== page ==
Federico Fellini remains the best known of the postwar Italian directors. This collection of essays brings Fellini criticism up to date, employing a range of recent critical filters, including semiotic, psychoanalytical, feminist and deconstructionist. Accordingly, a number of important themes arise - the reception of fascism, the crisis of the subject, the question of agency, homo-eroticism, feminism, and constructions of gender.
Since the early 1970s, a slide in critical and theoretical attention to Fellini's work has corresponded with an assumption that his films are self-indulgent and lacking in political value. This volume moves the discussion towards a politics of signification, contending that Fellini's evolving self-reflexivity is not mere solipsism but rather a critique of both aesthetics and signification. The essays presented here are almost all new - the two exceptions being important signifiers in Fellini studies. The first, Frank Burke's "Federico Fellini: Reality/Representation/Signification" laid the foundation in the late 1980s for considering Fellini's work in the light of postmodernism. The second, Marguerite Waller's "Whose Dolce Vita is this Anyway?: The Language of Fellini's Cinema" (1990), provides a contemporary re-reading of Fellini's most successful film.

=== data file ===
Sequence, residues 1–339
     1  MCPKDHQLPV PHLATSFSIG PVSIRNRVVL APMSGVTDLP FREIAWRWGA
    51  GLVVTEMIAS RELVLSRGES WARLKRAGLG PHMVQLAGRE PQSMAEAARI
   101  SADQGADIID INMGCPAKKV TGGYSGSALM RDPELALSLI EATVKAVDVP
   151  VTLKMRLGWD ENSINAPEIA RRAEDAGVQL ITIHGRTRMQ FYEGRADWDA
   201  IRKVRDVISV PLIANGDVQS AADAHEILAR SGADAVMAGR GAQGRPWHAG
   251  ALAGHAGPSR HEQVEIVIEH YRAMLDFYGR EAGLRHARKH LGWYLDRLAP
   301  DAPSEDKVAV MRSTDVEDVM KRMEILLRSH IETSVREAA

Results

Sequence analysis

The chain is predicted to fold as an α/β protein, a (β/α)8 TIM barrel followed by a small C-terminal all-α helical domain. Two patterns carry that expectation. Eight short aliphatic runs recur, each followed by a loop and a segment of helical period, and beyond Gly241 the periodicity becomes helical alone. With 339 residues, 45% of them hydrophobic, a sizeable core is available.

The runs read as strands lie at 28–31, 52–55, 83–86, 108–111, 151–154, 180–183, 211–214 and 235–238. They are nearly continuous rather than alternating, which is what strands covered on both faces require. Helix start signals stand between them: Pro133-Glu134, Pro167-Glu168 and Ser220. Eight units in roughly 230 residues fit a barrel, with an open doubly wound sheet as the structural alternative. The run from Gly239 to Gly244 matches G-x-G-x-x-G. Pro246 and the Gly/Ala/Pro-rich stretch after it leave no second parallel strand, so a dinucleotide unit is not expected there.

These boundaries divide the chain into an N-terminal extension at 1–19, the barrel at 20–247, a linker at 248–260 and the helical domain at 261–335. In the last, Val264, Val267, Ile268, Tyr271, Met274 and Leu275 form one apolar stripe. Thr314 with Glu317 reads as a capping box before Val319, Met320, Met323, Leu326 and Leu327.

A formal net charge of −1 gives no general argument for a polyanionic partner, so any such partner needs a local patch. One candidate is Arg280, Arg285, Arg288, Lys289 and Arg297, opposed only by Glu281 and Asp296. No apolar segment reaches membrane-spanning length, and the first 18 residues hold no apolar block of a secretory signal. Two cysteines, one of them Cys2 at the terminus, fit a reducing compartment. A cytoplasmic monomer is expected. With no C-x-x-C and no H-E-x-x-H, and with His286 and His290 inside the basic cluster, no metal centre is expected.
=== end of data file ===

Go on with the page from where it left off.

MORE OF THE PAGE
This lively and ambitious collection brings a new critical language to bear on Fellini's films, offering fresh insights into their underlying issues and meaning. In bringing Fellini criticism up to date, it will have a significant impact on film studies, reclaiming this important director for a contemporary audience.
"synopsis" may belong to another edition of this title.
Frank Burke is Professor of Film Studies at Queen's University.
"About this title" may belong to another edition of this title.
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